Regarding the ceiling, I'm more than happy to do whatever it takes. I'm not sure exactly what that is though... What aspects of it do I need to be considering now? I was planning on framing the soffit around the star field using 2x4s and then use DD+GG to seal on the entire ceiling and then to float the panels for the star-field under it.

I guess the question is - how bad having just DD+GG on standard 2x4 framing for two concrete-walls and the ceiling going to be? Is having stagger-studs on *just* the two interior wall a wasted effort given the other walls wouldn't be? That is, is it that every wall is only as good as the weakest link? - or does every little effort help?

Thanks,
Morphic


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post #10 of 171 Old 12-10-2007, 08:03 AM
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I feel that your design will be fine with the standard wall facing the concrete walls. Make sure that you at least leave an inch or two space between the concrete wall and the stud, and of course insulate well.


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post #11 of 171 Old 12-13-2007, 07:23 AM - Thread Starter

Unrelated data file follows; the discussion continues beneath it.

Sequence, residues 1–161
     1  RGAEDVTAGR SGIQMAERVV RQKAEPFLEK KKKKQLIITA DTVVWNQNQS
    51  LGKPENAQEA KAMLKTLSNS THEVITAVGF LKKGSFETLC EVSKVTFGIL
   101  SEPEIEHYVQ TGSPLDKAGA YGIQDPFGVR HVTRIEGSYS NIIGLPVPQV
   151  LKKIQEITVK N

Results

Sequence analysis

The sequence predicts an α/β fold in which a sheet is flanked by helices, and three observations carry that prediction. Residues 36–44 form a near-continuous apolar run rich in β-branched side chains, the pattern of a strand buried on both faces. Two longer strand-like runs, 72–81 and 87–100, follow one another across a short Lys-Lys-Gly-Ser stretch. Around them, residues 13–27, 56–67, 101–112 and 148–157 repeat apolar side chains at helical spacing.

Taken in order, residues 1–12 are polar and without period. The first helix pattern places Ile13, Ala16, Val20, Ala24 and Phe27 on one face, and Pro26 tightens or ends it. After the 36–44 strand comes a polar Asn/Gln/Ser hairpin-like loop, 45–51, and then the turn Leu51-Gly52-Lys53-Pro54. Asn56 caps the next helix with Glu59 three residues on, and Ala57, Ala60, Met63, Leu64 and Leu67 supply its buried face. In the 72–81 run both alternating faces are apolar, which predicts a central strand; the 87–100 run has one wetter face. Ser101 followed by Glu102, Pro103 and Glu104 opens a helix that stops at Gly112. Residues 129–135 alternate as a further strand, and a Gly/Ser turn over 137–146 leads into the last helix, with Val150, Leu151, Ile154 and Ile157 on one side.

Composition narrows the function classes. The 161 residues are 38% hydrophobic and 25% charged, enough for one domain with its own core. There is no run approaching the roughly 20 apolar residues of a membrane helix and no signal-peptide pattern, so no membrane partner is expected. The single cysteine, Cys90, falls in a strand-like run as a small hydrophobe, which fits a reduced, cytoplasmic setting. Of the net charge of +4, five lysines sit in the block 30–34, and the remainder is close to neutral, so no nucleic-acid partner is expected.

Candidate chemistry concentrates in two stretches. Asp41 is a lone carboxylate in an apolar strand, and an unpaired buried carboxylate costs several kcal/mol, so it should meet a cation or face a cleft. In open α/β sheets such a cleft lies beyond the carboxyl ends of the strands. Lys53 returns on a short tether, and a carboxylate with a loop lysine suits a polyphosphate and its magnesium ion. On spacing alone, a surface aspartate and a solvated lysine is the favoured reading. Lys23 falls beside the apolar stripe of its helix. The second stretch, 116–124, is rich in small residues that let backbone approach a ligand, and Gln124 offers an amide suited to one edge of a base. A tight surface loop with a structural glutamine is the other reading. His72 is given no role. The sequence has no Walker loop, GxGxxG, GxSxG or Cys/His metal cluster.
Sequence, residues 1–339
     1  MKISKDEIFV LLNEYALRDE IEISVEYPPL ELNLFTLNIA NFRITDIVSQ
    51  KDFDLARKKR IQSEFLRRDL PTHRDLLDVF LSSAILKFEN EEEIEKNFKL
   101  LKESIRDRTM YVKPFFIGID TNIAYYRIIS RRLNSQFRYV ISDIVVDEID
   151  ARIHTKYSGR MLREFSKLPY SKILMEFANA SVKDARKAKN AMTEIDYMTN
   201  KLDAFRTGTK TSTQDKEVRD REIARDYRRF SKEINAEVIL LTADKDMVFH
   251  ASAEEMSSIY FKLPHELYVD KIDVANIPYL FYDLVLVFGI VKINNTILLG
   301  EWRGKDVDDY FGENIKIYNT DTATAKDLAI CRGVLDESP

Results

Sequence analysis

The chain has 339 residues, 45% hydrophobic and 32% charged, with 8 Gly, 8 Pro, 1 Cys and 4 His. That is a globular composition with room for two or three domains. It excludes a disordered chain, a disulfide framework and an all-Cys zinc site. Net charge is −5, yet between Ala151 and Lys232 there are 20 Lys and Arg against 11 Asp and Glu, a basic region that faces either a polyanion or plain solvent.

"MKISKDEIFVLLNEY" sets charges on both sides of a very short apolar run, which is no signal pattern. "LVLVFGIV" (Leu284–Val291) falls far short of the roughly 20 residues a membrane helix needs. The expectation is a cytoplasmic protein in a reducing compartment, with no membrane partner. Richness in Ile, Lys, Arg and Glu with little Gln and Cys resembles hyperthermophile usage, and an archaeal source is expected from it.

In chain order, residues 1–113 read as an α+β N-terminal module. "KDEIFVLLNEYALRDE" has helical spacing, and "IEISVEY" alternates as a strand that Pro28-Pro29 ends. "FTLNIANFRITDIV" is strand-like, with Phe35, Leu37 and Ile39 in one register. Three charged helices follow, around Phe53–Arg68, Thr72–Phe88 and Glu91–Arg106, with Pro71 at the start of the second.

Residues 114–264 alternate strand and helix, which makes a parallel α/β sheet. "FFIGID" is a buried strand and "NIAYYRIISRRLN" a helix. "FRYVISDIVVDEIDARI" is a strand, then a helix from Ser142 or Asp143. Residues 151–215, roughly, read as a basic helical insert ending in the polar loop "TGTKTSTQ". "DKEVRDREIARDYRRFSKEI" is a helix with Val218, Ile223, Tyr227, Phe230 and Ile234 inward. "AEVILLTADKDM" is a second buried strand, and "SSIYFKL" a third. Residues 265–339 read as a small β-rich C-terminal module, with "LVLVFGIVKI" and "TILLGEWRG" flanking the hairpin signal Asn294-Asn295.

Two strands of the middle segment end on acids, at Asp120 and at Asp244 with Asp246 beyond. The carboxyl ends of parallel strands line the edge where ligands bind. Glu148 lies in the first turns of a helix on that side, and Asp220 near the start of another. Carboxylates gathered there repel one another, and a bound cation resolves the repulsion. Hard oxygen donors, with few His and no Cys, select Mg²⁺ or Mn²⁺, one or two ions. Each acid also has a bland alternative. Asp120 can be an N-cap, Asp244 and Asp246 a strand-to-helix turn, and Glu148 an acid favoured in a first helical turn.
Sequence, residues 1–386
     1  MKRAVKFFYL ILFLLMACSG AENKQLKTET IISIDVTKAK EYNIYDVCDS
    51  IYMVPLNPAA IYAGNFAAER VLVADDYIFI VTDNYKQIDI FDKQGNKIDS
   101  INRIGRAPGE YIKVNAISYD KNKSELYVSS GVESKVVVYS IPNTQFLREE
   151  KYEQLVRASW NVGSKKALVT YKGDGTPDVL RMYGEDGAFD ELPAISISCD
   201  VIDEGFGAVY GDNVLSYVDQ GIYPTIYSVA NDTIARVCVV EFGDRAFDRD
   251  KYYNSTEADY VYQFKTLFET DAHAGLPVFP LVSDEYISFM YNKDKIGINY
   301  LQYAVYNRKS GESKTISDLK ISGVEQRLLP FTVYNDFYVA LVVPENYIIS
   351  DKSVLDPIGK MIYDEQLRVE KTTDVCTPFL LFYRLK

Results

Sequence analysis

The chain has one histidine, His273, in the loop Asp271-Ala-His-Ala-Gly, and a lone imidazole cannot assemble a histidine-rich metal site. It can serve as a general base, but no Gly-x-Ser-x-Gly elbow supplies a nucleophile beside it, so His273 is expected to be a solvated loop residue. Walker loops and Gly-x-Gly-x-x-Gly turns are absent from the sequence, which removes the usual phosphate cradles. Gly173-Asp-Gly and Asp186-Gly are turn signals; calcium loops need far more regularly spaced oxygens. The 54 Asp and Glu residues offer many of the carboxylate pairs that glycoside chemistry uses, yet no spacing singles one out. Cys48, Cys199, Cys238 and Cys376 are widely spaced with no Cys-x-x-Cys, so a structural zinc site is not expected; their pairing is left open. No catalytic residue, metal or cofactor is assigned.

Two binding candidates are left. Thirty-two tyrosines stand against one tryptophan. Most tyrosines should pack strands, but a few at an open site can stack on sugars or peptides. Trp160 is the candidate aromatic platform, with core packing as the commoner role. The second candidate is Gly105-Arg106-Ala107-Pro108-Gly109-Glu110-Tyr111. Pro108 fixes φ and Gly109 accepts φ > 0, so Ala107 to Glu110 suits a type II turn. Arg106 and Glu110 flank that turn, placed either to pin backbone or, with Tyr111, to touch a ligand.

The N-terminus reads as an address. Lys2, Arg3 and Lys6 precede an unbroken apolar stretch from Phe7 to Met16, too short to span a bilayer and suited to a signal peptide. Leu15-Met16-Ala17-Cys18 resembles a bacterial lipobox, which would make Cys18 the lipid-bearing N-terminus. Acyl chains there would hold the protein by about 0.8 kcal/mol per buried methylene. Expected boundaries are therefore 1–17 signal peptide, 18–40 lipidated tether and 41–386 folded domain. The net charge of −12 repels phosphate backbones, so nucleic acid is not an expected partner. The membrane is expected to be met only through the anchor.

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Quote:
Originally Posted by king_arthur View Post

I feel that your design will be fine with the standard wall facing the concrete walls. Make sure that you at least leave an inch or two space between the concrete wall and the stud, and of course insulate well.

Will do - and thanks for the confirmation!

But now you make me question my plan for the ceiling and also, in part, how the walls are suppose to attach to it... My current plan is for the theater's ceiling to be directly attached to the house with DD+GG, but must the theater's inside walls and ceilings be completely decoupled from the house? How do people do that? - do they build ceiling trusses that span the inside walls?

Thanks again!
Morphic


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post #12 of 171 Old 12-13-2007, 07:40 AM